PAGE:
What can the Red Hot Chili Peppers & U2 Teach Us about Building Enduring Teams?



We love studying greatness in all its forms. Any person, group, company that can sustain dominance over the long-term is worth studying. Yes, and even rock bands. I want to thank intelligent fanatics member @kevin for sending me information for this article.

After meeting at L.A.’s Fairfax High School, singer Anthony Kiedis, bassist Flea, guitarist Hillel Slovak, and drummer Jack Irons formed the Red Hot Chili Peppers in 1983. Well, actually they were called the Miraculously Majestic Masters of Mayhem for a short time period. Since 1983, they have released eleven studio albums, three live albums, eight video albums, five extended plays, 44 singles, and 47 music videos. They have sold over 80 million albums worldwide.

U2 formed in Dublin in the fall of 1976 after a 14-year old Larry Mullen, Jr. posted a note on the bulletin board at his high school seeking musicians for a new band. Five interested teenagers showed up at Mullen’s house later that day. Adam Clayton on bass, Paul Hewson (Bono) on vocals, and Dave Evans on guitar. After rehearsing for 18-months, they entered a talent show in Limerick, Ireland and won. They changed their name to U2. Since then the band has received over 95 awards and have sold 170 million albums.

These two groups have had incredible enduring success. Their talent and history have molded them together but in many ways, it’s been the incentives that have kept them together for so long. The Red Hot Chili Peppers and U2 are dissimilar in style but very similar in other ways. I believe business leaders can learn some valuable lessons from them on how to keep great teams working together over the long-term. Here is an excerpt from this Forbes article written by Ruth Blatt:

They didn’t see fame and riches overnight, so they had time to adjust their internal dynamics to the changes and challenges of success. The Red Hot Chili Peppers didn’t become a household name until their fifth album, Blood Sugar Sex Magik, eight years into their careers. Likewise U2 didn’t make it big until their eleventh year together with The Joshua Tree. As I’ve argued elsewhere, success may be a good problem to have, but it’s still a problem. With success come new kinds of pressures to keep doing better, invasive exposure into personal lives and ego-inflated temptations to go solo. But because growth was gradual, each band had the opportunity to test their resilience through small challenges and develop coping mechanisms both individually and as a unit. Arguably one of the reasons the Red Hot Chili Peppers lost guitarist John Frusciante following the massive success of Blood Sugar Sex Magik was that, as the newest and youngest member of the band, he had not had time to adjust to life in a band before its success made the experience overwhelming.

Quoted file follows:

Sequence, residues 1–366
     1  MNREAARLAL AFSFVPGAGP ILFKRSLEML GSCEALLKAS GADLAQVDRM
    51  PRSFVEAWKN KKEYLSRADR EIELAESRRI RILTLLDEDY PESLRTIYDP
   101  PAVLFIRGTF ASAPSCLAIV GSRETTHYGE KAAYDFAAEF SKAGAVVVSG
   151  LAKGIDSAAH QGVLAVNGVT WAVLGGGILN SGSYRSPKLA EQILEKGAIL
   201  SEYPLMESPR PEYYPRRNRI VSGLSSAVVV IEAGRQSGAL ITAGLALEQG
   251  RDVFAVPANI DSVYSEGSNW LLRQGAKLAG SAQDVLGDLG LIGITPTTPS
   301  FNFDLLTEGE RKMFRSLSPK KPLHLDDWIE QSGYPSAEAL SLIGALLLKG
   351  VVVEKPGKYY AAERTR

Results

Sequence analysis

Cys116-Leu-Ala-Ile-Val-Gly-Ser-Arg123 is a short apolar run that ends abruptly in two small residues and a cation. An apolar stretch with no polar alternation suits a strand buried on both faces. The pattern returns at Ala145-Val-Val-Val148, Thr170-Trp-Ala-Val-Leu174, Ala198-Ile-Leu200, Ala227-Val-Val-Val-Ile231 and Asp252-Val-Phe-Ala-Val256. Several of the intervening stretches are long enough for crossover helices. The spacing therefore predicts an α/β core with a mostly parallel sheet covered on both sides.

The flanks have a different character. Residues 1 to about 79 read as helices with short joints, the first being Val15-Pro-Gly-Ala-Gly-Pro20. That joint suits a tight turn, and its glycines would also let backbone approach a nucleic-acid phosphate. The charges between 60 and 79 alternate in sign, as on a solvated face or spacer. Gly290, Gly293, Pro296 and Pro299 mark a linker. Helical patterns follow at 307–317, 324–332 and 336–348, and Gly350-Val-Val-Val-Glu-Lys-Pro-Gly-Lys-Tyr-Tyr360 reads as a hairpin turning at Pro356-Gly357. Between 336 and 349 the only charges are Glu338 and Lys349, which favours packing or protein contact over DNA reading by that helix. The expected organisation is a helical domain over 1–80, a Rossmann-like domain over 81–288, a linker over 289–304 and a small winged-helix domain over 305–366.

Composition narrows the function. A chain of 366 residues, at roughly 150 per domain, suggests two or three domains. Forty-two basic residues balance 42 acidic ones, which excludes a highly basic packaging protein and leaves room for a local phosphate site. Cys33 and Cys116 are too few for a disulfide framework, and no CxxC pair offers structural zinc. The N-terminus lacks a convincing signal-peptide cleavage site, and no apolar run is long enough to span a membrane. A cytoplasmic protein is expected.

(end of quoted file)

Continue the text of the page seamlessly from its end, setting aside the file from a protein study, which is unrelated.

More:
Both bands have a loose jam-based songwriting practice. The Red Hot Chili Peppers lay down the basic framework for their songs through extended group jams. Then they polish the songs by developing parts separately, with each person taking charge of their area of expertise. According to their longtime collaborator, producer Rick Rubin, “A lot of bands, people just play their parts, but the Chili Peppers are truly an interactive band.” Likewise U2’s songs emerge out of group jams, a system that Bono has dubbed “Songwriting by Accident.” Like the Peppers, U2 eventually get systematic about polishing their songs, but the genesis is in the group. It’s not always easy. “When we’re making the records,” Bono has said, “it always feels a bit like we’re drowning, and you do wonder if there’s an easier way. But we seem to need some chaos to bring us together.” But it works, in part because the constant verbal and musical communication and discussions that are required to stay on the same wavelength help maintain the team.

U2 and the Red Hot Chili Peppers divide royalties equally no matter what each person’s relative contribution. Most bands allocate royalties based on each person’s contribution, which can create problems as band members compete to get their songs on albums or to increase their relative contribution to each song. Hence the joke, “What was the last thing the drummer said before he was fired? ‘Hey guys, I’ve written a song!’” Once credit and money cloud band members’ judgment about the music, it can be difficult to maintain the high quality of a band’s product. U2 divides credit equally for the music (though not lyrics, which are mostly written by Bono) as do the Red Hot Chili Peppers, who “give it away” to anyone who was present on the jam that created the song. When songwriting credits are allocated equally, everyone in the band feels valued for their hard work and the interests of the songs prevail over personal agendas.

Both bands see their bands as being greater than themselves. “They never lose sight of the entity and its paramount importance,” told me Eliraz. “Everything is subservient to the interests of the group. Everything is about the group. Even their ego is a group ego. They cultivate pride in their joint exploits, rather than in individual accomplishments.”

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